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Injuries incurred by Greenville employees seeking workers’ compensation benefits run from mild to severe, but certain injuries and occupational diseases occur more often in particular industries than others. What they all have in common, though, is that they happen to a worker while on the job. If you have suffered one of the qualifying medical conditions for workers’ compensation in Greenville, a seasoned workers’ compensation lawyer could work hard to ensure you receive the compensation you deserve.

Common Job-Related Injuries

Many of the most common job-related injuries happen because a worker trips, slips, or falls. Other common workplace injuries stem from accidents involving machinery, chemical exposure, or the use of some type of motor vehicle while on the job. The consequences of such accidents may keep an employee out of work for a few weeks or for the rest of their life. Qualifying medical conditions for workers’ compensation in Greenville include:

  • Broken bones
  • Brain injuries
  • Burns
  • Head trauma
  • Spinal injuries
  • Soft tissue injuries
  • Torn rotator cuffs

Occupational Diseases

While most workers’ compensation plans are typically used to cover injuries, they may also incorporate coverage for occupational diseases. These kinds of diseases are considered an occupational hazard of a particular job, and symptoms may not appear for many years.

Under North Carolina General Statutes §97-53, 28 different occupation diseases can be covered by workers’ compensation. Examples of these occupational diseases, as specified by the terms of the aforementioned statute, include:

  • Blisters due to use of tools or appliances in the employment
  • Bursitis due to intermittent pressure in the employment
  • Carpal tunnel syndrome
  • Certain cancers
  • Chrome ulceration
  • Hearing loss
  • Mesothelioma
  • Miner’s nystagmus
  • Psittacosis
  • Various types of poisoning
  • Undulant fever

Compensation for Occupational Diseases

A worker diagnosed with an occupational disease may receive compensation if they had a greater risk of contracting the disease than someone who did not hold their type of job in their industry, and actual working conditions played a part in the individual’s development of the disease. However, they must file a claim for workers’ compensation within two years of diagnosis of the disease.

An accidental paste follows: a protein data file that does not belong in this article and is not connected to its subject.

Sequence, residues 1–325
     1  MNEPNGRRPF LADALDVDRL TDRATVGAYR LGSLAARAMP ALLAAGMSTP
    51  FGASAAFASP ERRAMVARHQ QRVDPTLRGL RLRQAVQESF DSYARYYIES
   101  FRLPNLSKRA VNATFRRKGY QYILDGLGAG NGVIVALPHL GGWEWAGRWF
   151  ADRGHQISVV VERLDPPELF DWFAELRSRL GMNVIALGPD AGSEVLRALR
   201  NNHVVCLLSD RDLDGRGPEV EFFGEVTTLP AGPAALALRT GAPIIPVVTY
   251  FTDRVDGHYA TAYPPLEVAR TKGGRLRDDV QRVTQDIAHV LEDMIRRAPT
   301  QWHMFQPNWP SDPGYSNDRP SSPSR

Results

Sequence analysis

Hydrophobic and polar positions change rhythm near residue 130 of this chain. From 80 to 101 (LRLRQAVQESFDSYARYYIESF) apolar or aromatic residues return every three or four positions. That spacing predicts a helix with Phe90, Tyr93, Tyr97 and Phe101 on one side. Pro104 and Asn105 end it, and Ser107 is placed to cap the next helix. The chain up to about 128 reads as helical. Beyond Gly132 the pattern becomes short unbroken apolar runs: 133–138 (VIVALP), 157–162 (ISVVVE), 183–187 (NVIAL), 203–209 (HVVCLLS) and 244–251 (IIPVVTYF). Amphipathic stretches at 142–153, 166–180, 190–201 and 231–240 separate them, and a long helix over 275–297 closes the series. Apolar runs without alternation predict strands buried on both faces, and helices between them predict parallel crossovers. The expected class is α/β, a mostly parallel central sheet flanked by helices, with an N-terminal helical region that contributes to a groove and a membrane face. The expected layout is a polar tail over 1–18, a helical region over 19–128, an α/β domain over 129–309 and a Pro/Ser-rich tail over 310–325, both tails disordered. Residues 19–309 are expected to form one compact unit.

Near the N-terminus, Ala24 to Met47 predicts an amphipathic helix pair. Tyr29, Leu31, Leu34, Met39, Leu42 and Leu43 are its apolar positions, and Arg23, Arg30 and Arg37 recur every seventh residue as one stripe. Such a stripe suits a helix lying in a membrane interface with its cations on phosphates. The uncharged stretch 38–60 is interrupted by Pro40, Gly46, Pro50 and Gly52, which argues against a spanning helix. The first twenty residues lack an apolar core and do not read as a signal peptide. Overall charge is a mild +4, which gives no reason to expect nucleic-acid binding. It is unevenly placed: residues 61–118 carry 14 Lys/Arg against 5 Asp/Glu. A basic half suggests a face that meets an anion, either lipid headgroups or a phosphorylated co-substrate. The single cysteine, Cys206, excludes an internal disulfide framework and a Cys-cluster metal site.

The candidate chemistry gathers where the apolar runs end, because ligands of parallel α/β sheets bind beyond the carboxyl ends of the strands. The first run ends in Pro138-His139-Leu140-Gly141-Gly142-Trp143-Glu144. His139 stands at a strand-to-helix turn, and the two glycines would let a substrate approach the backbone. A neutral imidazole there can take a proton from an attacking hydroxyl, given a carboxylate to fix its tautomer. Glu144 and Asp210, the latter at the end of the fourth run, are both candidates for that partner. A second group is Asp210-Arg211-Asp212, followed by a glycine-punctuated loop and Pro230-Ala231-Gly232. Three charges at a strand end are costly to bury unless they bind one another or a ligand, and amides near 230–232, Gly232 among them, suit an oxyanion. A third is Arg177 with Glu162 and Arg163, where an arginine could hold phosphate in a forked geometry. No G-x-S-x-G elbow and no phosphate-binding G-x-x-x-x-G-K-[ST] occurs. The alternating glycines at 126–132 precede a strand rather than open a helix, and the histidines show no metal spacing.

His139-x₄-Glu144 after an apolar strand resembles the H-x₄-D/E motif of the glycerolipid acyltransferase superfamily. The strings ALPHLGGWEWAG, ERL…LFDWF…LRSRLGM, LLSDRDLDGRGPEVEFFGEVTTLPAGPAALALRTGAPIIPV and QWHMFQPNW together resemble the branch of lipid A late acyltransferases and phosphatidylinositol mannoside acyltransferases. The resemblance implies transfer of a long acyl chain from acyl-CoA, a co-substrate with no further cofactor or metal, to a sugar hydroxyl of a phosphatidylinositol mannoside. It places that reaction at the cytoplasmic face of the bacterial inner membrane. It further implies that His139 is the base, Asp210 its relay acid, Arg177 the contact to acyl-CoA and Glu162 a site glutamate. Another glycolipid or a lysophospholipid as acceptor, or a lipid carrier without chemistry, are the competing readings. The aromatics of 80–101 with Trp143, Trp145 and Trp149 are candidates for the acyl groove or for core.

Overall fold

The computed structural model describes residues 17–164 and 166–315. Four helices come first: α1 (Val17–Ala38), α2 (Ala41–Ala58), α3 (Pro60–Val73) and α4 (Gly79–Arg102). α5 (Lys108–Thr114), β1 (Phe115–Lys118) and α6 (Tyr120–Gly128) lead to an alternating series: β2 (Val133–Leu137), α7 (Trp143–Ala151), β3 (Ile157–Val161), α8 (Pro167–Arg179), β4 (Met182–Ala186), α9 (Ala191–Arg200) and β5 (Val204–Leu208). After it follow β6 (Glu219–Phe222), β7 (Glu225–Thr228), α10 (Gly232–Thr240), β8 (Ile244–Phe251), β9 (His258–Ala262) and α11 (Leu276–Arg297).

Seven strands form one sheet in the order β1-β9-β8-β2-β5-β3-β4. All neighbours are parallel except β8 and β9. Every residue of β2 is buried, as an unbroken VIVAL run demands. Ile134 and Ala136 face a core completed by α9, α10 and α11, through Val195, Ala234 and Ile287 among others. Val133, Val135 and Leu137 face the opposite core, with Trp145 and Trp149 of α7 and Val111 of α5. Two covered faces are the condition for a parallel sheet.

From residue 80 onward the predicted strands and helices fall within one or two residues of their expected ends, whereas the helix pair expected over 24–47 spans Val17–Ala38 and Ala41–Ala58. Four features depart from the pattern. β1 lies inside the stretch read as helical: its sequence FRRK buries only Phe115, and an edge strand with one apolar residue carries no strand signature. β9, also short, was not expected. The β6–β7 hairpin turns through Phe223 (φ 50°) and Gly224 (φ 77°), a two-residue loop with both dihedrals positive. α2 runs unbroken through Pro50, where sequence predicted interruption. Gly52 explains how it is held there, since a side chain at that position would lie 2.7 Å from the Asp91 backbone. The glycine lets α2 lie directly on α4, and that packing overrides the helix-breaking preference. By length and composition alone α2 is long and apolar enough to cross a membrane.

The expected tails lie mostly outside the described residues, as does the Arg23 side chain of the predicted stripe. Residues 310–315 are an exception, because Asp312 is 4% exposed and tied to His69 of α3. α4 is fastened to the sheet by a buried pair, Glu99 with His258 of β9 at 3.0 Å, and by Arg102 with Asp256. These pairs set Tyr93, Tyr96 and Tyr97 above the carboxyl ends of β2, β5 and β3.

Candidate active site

Even if a worker is diagnosed with a disease that the state Workers’ Compensation Act does not explicitly name, they may still qualify for benefits. North Carolina recognizes that some diseases are due to causes and conditions which are characteristic of and peculiar to a particular trade, occupation, or employment.

Pre-Existing Conditions

Some workers and employers may assume that workers’ compensation does not cover pre-existing conditions, but that is not necessarily true. If an employee can prove that their job exacerbated a pre-existing condition, such as a bad back, they may receive compensation even though the work they were engaged in did not cause their original injury.

How a Greenville Workers’ Compensation Attorney Could Help

Many workers’ compensation claims are relatively straightforward: if you are hurt at work due to a common condition and follow correct procedures for applying for workers’ compensation benefits, you receive them. However, sometimes employees have a much harder time proving their diagnosis was work-related, especially if it involves a pre-existing condition or occupational illness.

A workers’ compensation attorney could fight aggressively for your rights so that you could receive the benefits and medical care you need. If you or a loved one suffered a serious injury on the job, you may need the services of a skilled lawyer who is knowledgeable about the qualifying medical conditions for workers’ compensation in Greenville. Call today to arrange a free initial consultation in which a dedicated local attorney could review your case and advise you of your options.